By Jamal Jawhar
Libyans are looking forward to listen to UN Secretary-General Antonio Guterres’s plan, which he will propose before the UN General Assembly on Wednesday, to end the Libyan crisis.
Political parties reacted to the declaration of UN Envoy to Libya Ghassan Salameh on a “road map” presented by Guterres to the General Assembly, including the amendment of the Skhirat Agreement signed in Morocco in December 2015, in addition to carrying out wide elections with a number of necessary transitional stages.
Salameh’s road map also includes downsizing the current nine-member presidential council to just three and appointing a prime minister with the task of supervising a parallel government of the council, according to Italian newspaper La Stampa.
Deputy Chairman of the Supreme Authority of the National Forces Alliance in Libya Asma Sariba told Asharq Al-Awsat that the military operations in the country are not a solution to our problems, and “we believe that dialogue has become a necessity to end the Libyan crisis.”
“We, Libyans, take responsibility for the intervention of foreign countries in our crisis.”
“The Skhirat agreement faces many objections from the political forces due to the composition of the presidential council, and they are talking about Article (8) of the political agreement and believe they need to amend it”.
Other important developments
Libya Agreement changes to be unveiled by UN
Pressing amendments to the Libyan Political Agreement (LPA) will be revealed at the UN General Assembly (UNGA) in New York today.
Presidency Council (PC) head Fayez Al-Sarraj will attend the meeting as the head of a 60-strong delegation from Libya.
Al-Sarraj will also attend planned meetings during his stay in New York after the main discussions with new UNSMIL chief Ghassan Salamé where the changes to the LPA will be formally unveiled.
The LPA was signed in Morocco in 2015 as a binding agreement to help end the fighting in Libya that spiralled out of control after the uprising against former leader Muammar Gaddafi in 2011.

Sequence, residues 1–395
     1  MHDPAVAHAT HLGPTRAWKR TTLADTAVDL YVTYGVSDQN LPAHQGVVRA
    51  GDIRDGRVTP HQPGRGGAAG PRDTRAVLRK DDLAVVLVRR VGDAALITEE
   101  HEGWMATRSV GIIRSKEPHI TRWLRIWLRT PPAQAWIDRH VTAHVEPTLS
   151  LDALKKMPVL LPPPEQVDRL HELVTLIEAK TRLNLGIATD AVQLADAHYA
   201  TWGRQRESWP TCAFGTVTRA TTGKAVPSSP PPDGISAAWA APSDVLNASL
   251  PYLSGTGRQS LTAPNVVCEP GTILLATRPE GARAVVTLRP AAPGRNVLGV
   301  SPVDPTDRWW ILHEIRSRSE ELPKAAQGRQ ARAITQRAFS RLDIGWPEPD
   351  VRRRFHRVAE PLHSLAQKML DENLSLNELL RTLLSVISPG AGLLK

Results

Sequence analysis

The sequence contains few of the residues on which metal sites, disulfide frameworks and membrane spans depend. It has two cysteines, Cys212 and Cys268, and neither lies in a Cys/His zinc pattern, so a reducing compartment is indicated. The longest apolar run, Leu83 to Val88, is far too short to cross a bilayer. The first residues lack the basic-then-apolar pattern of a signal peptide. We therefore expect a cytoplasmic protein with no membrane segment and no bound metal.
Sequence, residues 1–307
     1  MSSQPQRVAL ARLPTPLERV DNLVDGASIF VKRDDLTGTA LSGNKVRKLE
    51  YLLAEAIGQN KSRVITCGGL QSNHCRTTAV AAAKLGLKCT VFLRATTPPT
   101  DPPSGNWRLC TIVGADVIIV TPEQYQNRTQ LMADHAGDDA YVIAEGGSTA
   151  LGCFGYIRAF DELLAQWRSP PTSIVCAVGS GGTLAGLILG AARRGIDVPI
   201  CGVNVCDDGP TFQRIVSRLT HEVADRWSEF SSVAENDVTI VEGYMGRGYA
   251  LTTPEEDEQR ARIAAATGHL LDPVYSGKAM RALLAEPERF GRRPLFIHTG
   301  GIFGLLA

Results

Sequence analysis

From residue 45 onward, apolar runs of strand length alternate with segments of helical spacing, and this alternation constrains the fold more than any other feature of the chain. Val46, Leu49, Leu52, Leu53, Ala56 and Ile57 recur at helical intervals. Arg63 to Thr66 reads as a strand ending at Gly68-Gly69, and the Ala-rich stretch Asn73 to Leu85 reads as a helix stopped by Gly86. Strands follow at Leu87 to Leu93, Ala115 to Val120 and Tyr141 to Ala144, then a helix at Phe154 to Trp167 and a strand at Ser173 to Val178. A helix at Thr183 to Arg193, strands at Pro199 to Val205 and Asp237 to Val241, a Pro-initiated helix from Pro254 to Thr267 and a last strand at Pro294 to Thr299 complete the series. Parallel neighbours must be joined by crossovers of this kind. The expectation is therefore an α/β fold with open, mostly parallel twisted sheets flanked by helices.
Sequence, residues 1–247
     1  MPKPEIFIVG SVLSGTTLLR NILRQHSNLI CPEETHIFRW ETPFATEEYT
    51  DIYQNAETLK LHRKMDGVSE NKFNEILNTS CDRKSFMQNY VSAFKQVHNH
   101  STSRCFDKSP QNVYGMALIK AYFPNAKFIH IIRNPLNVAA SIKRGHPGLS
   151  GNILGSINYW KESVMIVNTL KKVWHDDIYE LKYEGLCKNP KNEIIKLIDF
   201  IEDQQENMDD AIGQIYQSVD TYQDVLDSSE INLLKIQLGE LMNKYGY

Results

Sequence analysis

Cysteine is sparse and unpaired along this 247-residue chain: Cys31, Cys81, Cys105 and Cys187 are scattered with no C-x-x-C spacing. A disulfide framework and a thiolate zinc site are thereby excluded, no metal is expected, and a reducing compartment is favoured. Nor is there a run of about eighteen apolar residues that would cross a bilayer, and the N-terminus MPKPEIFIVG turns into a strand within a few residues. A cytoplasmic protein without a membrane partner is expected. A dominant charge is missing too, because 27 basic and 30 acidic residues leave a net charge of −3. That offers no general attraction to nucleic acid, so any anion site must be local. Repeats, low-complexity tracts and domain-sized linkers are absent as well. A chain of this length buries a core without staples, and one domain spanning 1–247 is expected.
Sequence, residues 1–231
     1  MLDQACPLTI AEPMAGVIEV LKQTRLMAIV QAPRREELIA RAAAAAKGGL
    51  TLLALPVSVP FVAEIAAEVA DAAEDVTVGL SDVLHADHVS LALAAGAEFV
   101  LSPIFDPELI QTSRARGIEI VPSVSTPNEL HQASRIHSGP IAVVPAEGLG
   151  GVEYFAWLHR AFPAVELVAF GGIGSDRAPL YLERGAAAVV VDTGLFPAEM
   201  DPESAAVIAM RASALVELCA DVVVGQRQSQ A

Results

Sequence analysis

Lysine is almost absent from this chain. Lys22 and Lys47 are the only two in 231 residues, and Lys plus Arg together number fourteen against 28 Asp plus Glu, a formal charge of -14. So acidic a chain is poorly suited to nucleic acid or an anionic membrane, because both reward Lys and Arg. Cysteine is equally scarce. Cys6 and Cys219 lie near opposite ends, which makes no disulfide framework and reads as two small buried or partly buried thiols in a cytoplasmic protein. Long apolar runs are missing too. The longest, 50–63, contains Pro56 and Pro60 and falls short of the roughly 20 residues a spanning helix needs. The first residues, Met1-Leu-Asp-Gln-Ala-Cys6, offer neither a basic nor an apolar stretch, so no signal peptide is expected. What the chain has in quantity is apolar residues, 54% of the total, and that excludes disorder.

Some of the changes that are expected to be unveiled today include downsizing the PC from nine members to three and creating a separate government.
Salamé is also expected to propose removing the controversial clause 8 in the agreement which removes the power from the House of Representatives (HoR) to appoint top military commanders and heads of key institutions such as the Central Bank of Libya and the Libyan Investment Authority and instead places it at the hands of the Presidential Council (PC).
New elections for both the HoR and the PC will be a priority in moving forward but for Libyans the process will be observed with trepidation with fears a new body could create more divisions in the country.
Al-Sarraj and rival leader Khalifa Haftar met last in Paris two months ago in which they agreed to hold early elections in 2018, a truce and a newly formed army representative of all of Libya.
Egypt to restructure Libya’s army under Haftar’s command
Egypt yesterday announced the reorganisation of the Libyan National Army, which is affiliated to the Tobruk-based House of Representatives in the east of the country, under the command of Brigadier General Khalifa Haftar.
In a statement, Egyptian army spokesman, Tamer Al-Rifai, said Egyptian Chief of Staff Mahmoud Hijazi received a Libyan military delegation in Cairo.